It’s not uncommon for mixed martial artists to fight into their 40s. Former greats such as Randy Couture and Dan Henderson successfully fought past the age of 45. Current UFC light-heavyweight champion Daniel Cormier is less than four months shy of 40. It’s not always the miles on the car. It’s how many accidents the car has been in.

Liddell’s career highlight reel of knockouts drew everyone in. His trademark tornado-like flurry of punches is ingrained in MMA fans’ minds. Now, those great memories of “The Iceman” are drifting further and further away. He’s lost four fights in a row, all via knockout. His greatest strength has become his greatest weakness: standing toe-to-toe and recklessly brawling. It’s never easy to see a legend in any sport go out on their heels.

Ortiz, on the other hand, makes out like a fat rat. A man who’s on the Mount Rushmore of all-time disliked fighters got the win over his career rival in the most conclusive way possible. It was the first knockout in more than 12 years for Ortiz, a notorious wrestle-first fighter. “The Huntington Beach Bad Boy” stressed over and over his confidence going into the fight, and it showed in the game plan. He did not attempt a single takedown. Ortiz methodically stalked Liddell until he landed a big right hand on The Iceman’s chin.

What’s next for the two MMA legends?

Following his last fight in UFC in June 2010, Liddell was employed by the promotion as a front office executive. Along with former UFC champ Matt Hughes, he was let go when UFC was sold to WME-IMG in 2016.

The Iceman was left with a lot more time on his hands. He’s consistently in the gym working with younger fighters. He’s also living a much healthier lifestyle than he was in his heyday; Liddell battled alcohol abuse throughout his UFC career. Liddell’s return to the cage Saturday is part of the fallout from leaving UFC. “Just kinda trying to figure what I want to do, I look at it as a blessing in disguise. It’s got me re-motivated to go out and find what I really want to do,” Liddell said on The MMA Hour in 2017.

Liddell is now in the same position as he was two years ago: defeated, unemployed, and with time to kill.


Zero: Shah Rukh Khan wants to keep Sridevi’s song as a surprise!

Shah Rukh Khan and Sridevi

Updated: Nov 27, 2018, 05:23 PM IST

Ever since the trailer of Shah Rukh Khan starrer Zero was released, fans have been eagerly waiting to see the superstar on the big screen essaying the role of a dwarf for the first time in his illustrious career. The first song from the film Mera Naam Tu has already got the fans humming its tunes and is fast catching on to the trends charts.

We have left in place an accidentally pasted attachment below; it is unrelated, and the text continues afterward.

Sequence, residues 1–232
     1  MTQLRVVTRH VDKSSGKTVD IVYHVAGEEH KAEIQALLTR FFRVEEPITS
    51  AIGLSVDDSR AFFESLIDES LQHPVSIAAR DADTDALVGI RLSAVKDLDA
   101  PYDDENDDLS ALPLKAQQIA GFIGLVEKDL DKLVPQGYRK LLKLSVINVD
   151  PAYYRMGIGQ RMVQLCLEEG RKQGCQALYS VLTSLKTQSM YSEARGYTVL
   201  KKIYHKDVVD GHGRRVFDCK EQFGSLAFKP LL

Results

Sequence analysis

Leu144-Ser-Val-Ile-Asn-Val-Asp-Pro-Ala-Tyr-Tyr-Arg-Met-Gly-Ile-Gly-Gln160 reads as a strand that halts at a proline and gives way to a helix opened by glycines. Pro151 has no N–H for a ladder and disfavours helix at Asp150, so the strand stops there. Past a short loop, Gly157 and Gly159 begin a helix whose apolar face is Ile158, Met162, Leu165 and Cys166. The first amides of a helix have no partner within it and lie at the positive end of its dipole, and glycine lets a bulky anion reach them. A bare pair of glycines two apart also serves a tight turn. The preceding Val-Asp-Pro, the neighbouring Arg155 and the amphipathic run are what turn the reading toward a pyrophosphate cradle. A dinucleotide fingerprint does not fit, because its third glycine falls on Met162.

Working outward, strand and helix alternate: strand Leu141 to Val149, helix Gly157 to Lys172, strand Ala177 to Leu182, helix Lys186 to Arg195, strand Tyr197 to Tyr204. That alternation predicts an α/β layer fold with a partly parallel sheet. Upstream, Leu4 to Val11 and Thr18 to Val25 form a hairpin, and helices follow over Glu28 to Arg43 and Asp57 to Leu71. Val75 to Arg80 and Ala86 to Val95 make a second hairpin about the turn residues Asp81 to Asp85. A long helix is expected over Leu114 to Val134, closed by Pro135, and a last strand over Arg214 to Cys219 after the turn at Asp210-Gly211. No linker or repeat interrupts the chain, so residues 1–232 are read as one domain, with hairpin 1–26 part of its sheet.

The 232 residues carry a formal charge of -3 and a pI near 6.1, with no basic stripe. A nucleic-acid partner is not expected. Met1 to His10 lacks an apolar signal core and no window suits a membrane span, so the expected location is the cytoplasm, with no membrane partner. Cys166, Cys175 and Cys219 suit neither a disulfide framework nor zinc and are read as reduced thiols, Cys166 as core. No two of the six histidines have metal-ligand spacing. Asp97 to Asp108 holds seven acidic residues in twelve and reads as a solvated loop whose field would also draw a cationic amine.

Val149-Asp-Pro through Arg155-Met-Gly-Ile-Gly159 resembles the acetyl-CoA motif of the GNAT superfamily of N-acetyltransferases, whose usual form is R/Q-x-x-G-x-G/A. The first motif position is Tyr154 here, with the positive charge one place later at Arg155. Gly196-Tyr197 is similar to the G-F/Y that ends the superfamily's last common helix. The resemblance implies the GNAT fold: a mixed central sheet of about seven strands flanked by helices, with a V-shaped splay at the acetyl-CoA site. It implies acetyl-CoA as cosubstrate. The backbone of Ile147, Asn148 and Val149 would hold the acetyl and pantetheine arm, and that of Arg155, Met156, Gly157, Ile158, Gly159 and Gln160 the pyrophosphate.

While the movie’s trailer and music have have successfully created a lot of buzz, not many are aware that Zero will have a host of other Bollywood stars making cameo appearances in the movie. Salman Khan, Alia Bhatt, Abhay Deol, Rani Mukerji, Karisma Kapoor, Kareena Kapoor, Kajol and the late legendary diva Sridevi are the few known names all set to appear in the film.

According to a report in Times of India, just like Deewangi Deewangi from Om Shanti Om, Zero also features a song which will have Shah Rukh Khan shaking a leg with a number of leading ladies, one of them being Sridevi. The late actress had shot for her cameo appearance last year in October. She plays herself in the film.

The film’s leading hero, Shah Rukh Khan, is leaving no stone unturned  to give the diva a tribute in the best way possible. The song which features multiple stars along with Sridevi will not be out until the release of the film. The superstar wants fans to take a look at the late legendary diva’s last cinematic outing directly when the film releases on the big screens next month.

In February this year, Sridevi bid goodbye to the world due to accidental drowning in the bathtub of her hotel room in Dubai. Her demise had sent shockwaves in Bollywood industry and her fans across the globe.

Directed by Anand L Rai, Zero also stars Anushka Sharma and Katrina Kaif in leading roles. The film is slated to hit the theatres on December 21 this year.